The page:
honors. Bald is by far In better condition
than the other three Mortens and Loug
head arc the doubtful men, and may
spring a surprise There are halt a dozen
speedy amateurs, representing the East and
Ivy Instltute-BuKluesvColIege, btn and K.
None better, ?25 ajear: 2ay or night.
Good, Reliable tarpenter at Any
hour. Frank Lib bey & Co., 6th andN. Y.ave.
"West, who will compete In the championship
race in this class.
A lawn fete and dance were held at
- An all night smoker at the Arena- was
attended by the majority of the visiting
wheelmen. An athletic and musical pro
gram was provided and tbe building wab
la-tcd to it s utmost capacity to accommodate
An open-air concert will be held at Willow
Grove tomorrow evening. "Several arreats
or visiting wheelmen have been made for
violation of the bicycle ordinances relat
ing to scorching and carrjmg lamps after
dark, but the city officials have shown
great leniency to offenders, administering
a rebuke and advice instead or imposing
fine. Several thousand new members
have been enrolled in the League since
the opening or the meet jesterday.
Theie Is a strong movement on foot,
backed by the Pennsvlvanla,. Massachusetts
and New Jersey divisions, to nominate and
push George D. Gideon, of this city, for
the presidency or the L. A. W. at Us nett
election. The three divisions named be
ing the strongest in the League, can carry
out their object. Gideoa is one ot tue
veteran memb3rsof the Le ague, has servvd
as chairman of the racing board, and Is
held In high esteem by members of the
League throughout the country.
This afternoon the Indianapolis boomers
banqueted seventj-flveinfluenUalmen and
the mayor oCHooMerv llievoucbsafed the In
formation that the traditional kevs and
latchstrings would not be necessary If In
dianapolis secured the next national meet.
The walls of the city, he said, would
Le torndovvn for the occasion. Hearoused
so much enthusiasm that he -uas proposed
and hailedandcheered as thenext Governor
of Indiana. The m.st regular attendants
of L. A. "W. meets agiee that never before
was such thorough and effective work
done by a city desitous to entertain the
Broad street, one of the principal thor
oughfares in the city, is alive with riders
tonight, and the city enforces peculiar
regulations. Policeman are stationed in
the middle of the streets at the leading
crossings with red lanterns, forcing riders
to keep to the right and lert, underpenalty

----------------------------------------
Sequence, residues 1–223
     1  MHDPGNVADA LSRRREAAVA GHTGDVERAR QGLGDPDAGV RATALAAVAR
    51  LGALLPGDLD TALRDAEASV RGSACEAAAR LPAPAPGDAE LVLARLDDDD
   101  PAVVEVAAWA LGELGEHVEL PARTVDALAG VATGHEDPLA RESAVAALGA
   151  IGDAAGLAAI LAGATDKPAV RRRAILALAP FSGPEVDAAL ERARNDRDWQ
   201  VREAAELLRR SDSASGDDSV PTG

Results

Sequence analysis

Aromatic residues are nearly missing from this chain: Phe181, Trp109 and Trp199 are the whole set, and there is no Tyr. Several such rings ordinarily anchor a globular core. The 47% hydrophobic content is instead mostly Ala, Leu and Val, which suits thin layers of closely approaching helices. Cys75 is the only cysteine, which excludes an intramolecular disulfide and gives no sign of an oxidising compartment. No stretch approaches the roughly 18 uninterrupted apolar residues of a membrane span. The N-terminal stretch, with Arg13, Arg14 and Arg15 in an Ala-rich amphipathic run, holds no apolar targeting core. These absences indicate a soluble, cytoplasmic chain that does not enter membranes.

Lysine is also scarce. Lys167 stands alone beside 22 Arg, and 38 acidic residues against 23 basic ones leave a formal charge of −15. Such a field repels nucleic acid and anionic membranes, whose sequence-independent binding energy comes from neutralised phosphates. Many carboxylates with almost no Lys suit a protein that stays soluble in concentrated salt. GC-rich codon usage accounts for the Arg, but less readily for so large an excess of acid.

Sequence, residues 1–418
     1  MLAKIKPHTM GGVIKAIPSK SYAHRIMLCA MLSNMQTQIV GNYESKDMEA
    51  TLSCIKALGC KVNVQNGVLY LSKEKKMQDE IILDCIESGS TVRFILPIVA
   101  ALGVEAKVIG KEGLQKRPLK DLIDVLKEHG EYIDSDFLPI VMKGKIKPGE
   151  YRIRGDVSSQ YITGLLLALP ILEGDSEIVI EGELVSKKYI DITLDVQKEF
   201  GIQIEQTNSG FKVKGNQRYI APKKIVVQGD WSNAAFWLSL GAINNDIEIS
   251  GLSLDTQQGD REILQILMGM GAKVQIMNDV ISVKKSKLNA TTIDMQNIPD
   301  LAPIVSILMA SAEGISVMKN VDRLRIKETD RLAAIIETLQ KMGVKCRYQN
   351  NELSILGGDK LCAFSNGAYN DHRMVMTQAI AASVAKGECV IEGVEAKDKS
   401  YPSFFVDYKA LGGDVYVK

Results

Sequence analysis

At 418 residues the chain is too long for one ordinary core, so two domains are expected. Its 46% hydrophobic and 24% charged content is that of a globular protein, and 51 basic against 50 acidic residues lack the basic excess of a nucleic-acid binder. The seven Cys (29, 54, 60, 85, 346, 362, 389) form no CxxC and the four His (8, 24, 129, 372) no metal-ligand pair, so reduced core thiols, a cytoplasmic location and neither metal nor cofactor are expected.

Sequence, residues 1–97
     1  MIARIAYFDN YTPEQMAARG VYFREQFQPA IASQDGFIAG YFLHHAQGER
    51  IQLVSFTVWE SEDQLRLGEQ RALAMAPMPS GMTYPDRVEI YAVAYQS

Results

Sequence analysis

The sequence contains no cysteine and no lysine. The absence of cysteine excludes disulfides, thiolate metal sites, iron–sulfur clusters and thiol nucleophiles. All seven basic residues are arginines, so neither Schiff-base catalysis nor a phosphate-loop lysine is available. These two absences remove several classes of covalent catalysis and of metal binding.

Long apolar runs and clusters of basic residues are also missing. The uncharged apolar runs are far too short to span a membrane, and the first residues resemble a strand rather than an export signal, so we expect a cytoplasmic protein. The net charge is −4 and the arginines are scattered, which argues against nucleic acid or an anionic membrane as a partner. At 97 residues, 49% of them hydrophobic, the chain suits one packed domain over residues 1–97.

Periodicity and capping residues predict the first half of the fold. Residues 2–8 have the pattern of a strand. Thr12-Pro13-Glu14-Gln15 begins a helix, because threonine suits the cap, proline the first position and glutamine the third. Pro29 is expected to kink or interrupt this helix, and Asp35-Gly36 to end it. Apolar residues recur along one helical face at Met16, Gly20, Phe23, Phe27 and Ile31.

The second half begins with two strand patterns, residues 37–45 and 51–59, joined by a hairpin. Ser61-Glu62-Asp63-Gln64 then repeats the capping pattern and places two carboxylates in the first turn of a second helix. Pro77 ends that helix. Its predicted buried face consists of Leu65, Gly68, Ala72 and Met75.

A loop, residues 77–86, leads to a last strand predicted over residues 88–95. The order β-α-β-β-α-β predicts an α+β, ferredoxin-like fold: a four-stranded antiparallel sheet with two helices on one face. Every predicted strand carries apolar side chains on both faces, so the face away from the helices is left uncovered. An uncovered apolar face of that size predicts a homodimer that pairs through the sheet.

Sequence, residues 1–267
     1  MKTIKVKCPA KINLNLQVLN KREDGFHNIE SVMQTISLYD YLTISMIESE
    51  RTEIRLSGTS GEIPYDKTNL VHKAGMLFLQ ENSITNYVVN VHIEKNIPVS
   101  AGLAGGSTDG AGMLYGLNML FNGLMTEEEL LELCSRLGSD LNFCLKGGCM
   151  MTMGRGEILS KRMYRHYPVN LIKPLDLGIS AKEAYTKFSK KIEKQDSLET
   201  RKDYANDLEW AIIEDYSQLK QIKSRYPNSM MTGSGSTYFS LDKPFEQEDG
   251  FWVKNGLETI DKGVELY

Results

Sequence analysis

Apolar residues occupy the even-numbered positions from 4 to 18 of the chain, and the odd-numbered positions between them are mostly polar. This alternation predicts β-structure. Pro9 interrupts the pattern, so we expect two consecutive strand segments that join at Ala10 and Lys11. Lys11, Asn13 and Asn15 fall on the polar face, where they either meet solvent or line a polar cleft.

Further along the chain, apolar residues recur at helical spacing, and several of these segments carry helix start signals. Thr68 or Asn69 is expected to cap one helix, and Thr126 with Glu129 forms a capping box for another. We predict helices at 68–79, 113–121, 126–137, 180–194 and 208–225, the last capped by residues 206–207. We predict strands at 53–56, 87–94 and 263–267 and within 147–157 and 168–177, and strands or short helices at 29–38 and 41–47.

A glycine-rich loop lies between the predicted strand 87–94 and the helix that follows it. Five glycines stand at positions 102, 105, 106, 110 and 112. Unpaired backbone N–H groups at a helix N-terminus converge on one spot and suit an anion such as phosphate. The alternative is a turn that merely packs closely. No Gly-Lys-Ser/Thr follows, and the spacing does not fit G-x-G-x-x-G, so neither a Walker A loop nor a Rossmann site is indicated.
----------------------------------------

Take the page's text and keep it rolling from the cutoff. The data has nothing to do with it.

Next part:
THE GIELDSENSUPPE INQUEST.
Corouer Tnthill Decides to Hold
It Next Tuesday.
New Tork, Aug. 5.-Coroner Tuthill to
day decided to hold the Gieldsensuppe In
quest next Tuesday morning at 9 o'clock.
The juiymeu will be taken to the morgue
in carriages to view the headless trunk
of the body which the police say Is thac
of Gieldsensuppe. Tho coroner savs he
will confine his investigation entirely to
the cause of death and the identification
of the' body. The proceedings, he thinks,
will be finished in one day's session.
Music and dancing at Congress Hoigh.a
this evening, and every evening hereafter
until October. Music by members ot TJ. S.
Marine Fand. Basket picnic parties wel
come to large, cool oak grov e. Sacred con
cert by members ot the Marine Band
Sunday evening from A to 10. All
cljuiches invited, especially singers. New
electric cars run from JJavy Yard Bridge
to Congress Heights. jy31-tf
Joist Heart N. Carolina Straight.
Frank Llbbey & Co., 6th andN. 1. ave.
The Sloops Mnhe a Fairly Interest
ing Race, But tbe Vigilant Was
2sot Sailed for AH That Is in
Her Colonia Miy Have to Rua
Newport, R. I,, Aug.S.-yrhe.racrafprthe
Goelet cups waa sailed today in$a"'fresh
northeast breeze and something of a sea.
The sloop cup was won by Navahoe and
the schooner cup by Colonia. The race lost
much or its significance and interest this
5 ear from the fact that the Vigilant was
Navahoe'3 only competitor, while in the
schooner class Colonia had a walkover,
something unprecedented since the cups
were first offered for competition, fifteen
The .-.loops made a fairly interesting
race, but those watching it could not help
feeling that Vigilant waa not being sailed
for all she was worth. The Navahoe was
handled In a masterly manner by Capt.
Crocker, and showed a splendid turn o
speed, both on andofr the wind.
The race was sailed over the thirty
eight Block Island course. In the early
forenoon ir was raining heavily, so a post
ponement was ordered. Later, however,
the signal for the race was made and Vigi
lant, Navahoe and Colonia responded and.
got under way for Brenton'o Reef and
the start at thelightshlp.
The start was made by the bloops at